With 14 1/2 to 16 percent mortgage rates the norm across the country -- and no relief in sight -- you might doubt that this is a smart time to plunge into real estate.

But take a hard look at the facts: They point strongly to the conclusion that the next two months should provide one of the best buyers' markets in years -- better even than February and March of 1980. If you're a home buyer or investor, and had decided to hibernate for the winter and get active again in the spring think twice.

Here's why:

Housing price data from Washington, D.C., to southern California reveals that, for the first time in eight years, the inflationary spiral in most markets has leveled off significantly. Home prices aren't falling, but they stabilized with a resounding thump in the third quarter of 1980. In an economy where everything else is jumping 10 to 12 percent, houses and condominiums have become temporary bargains.

Builders and homeowners with properties on the market now are looking at dismal prospects. Aside from special situations such as southern Florida's and ski resort areas such as Vail, Col., December and January are the worst sales months for housing.

Add in the current, bizarre interest-rate situation plus the likelihood of recession through the first quarter of 1981, and you end up with a pretty grim picture for sellers. That, in turn, makes them highly motivated listeners when you come in with a low offer.

Unlike February-March 1980, when tens of thousands of houses sat unsold in metropolitan markets with "non-assumable" mortgages and sellers who wouldn't participate in their buyers' financing, more people understand creative financing techniques today.

Savings and loan associations, in particular, are open to negotiations on assumptions of "non-assumable" loans in their portfolios with 7 to 10 percent interest rates. Assumptions represent the building blocks for most creative financing; on top of them you can arrange seller take-backs of second mortgages, wraparound loans, and contracts-for-deed.

Without them, things are much tougher. Despite the presence of "due-on-sale" clauses on most conventional mortgages with rates in the 8 and 9 percent range -- giving lenders the right to block assumptions and kill creativity -- a much higher percentage and kill creativity -- a much higher percentage of S&Ls and banks than you would imagine will go along with compromise rates if they're approached properly.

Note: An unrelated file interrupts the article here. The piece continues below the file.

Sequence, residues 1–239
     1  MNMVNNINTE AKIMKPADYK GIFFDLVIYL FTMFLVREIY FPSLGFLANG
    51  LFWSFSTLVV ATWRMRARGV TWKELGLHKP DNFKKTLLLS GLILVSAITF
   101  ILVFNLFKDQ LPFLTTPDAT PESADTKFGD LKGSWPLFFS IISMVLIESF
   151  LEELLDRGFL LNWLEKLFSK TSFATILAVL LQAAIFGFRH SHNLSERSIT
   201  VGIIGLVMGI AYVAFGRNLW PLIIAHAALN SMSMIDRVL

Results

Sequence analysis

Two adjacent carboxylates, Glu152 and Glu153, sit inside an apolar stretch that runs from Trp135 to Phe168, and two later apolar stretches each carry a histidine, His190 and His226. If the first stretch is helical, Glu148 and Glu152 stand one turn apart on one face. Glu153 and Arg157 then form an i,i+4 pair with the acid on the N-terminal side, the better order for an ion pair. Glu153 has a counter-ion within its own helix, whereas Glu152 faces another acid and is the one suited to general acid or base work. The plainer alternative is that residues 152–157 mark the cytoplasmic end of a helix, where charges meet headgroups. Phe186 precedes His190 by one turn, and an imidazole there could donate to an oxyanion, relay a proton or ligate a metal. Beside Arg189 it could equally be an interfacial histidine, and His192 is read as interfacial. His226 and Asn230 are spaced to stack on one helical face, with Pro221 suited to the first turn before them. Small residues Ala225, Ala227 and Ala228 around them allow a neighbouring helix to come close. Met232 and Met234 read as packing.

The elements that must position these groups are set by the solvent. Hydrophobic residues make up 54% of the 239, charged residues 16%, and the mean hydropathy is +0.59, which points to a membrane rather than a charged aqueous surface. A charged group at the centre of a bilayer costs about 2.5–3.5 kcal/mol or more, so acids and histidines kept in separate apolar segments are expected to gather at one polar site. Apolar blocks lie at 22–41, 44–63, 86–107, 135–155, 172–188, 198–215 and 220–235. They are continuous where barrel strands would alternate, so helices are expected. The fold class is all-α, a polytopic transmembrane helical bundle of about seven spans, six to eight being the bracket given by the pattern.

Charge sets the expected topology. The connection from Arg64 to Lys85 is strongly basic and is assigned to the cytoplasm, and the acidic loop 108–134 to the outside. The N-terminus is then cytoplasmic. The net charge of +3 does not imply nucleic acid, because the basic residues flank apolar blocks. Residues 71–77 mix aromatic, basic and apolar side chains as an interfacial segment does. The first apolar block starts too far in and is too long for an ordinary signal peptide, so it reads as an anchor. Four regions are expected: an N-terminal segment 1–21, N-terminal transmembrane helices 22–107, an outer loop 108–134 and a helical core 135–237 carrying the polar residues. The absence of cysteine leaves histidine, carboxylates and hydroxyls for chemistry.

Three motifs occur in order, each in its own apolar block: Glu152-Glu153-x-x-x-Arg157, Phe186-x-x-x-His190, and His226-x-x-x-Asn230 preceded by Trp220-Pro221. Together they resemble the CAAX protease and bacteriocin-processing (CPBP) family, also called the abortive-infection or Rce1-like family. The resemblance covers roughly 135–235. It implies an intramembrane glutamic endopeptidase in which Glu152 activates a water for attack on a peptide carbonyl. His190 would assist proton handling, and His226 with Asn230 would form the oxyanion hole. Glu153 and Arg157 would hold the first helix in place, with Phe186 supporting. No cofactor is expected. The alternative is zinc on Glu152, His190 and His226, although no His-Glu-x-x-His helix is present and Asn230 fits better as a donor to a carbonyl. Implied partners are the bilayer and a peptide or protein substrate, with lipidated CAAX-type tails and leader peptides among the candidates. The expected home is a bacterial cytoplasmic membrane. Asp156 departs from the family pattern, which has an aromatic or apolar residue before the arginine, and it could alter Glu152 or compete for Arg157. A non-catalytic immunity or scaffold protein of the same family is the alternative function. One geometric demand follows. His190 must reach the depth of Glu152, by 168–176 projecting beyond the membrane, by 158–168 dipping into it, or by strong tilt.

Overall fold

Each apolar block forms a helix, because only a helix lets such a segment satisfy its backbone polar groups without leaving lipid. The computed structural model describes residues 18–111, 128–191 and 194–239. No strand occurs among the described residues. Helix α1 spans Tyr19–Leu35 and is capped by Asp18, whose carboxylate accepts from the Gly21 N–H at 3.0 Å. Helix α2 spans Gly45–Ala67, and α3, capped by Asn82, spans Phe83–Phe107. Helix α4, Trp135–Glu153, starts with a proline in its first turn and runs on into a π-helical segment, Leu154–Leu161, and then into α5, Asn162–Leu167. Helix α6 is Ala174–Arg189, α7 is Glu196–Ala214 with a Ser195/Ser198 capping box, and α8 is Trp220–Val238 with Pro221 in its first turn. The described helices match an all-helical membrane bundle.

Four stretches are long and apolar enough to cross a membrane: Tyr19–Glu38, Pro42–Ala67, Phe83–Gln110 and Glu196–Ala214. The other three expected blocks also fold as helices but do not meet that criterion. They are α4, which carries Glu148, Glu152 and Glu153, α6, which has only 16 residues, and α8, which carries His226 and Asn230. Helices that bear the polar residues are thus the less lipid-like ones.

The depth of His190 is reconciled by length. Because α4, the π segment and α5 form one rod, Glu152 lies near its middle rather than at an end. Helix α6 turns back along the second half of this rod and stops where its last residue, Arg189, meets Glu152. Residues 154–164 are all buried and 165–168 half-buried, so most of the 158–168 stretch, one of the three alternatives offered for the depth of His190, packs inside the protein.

One of the nation's experts in negotiating compromise rates with S&Ls, Les Glickman, senior vice-president of a major St. Louis real estate brokerage firm, says he's finding "even more flexibility" on the part of lenders right now than he did during the February-March crunch.

Glickman and his realty staff meet constantly with lenders who hold mortgages on properties about to come on the market. When the note rate on the underlying home loan is 10 percent or less -- which is the case for the majority of existing homes in metropolitan markets -- Glickman "almost always" can persuade the lender to let a new buyer have an assumption. The rate may be bumped up from 8 percent to 11, 12 or 13 percent, and the payback term may be 10 to 20 years rather than 30. But the deal goes through.

When Glickman talks with lenders, he hits them with reality: Those 8 percent loans on their books could spill another 20 to 25 years of red ink if homeowners can't sell their houses.

By permitting assumptions with 3- to 4-point rate bump-ups, Glickman shows lenders how to improve their portfolio yields instantly. And by extending buyers additional credit beyond assumption -- through second mortgages or wraparound loans at 14 to 15 percent rates -- lenders can do even better.

Buyers between now and February should look at properties with a "price-financing" scale in mind as a negotiating tool. If a house comes with absolutely no financing possibilities that will cut your effective cost of money to 12 percent, then the price has to be cut to reflect your excessive costs.

The worse the financing -- the extreme being a conventional, new 30-year loan at market rates -- the lower the price you can afford to meet. (When you've got the rock-bottom price, see if you can obtain a renegotiable rate, three-year loan at a slightly below-market rate from an S&L, rather than take a long-term lock-in at 15 to 16 percent. That will at least give you the option of refinancing when rates enter their next cyclical decline.)

Whatever you do, try not to fall in love with houses in an economic climate like today's. Don't be afraid to walk out of a negotiation if you're not getting a deal on either financing or price. After all, what good is a buyer's market if you don't save money as a buyer?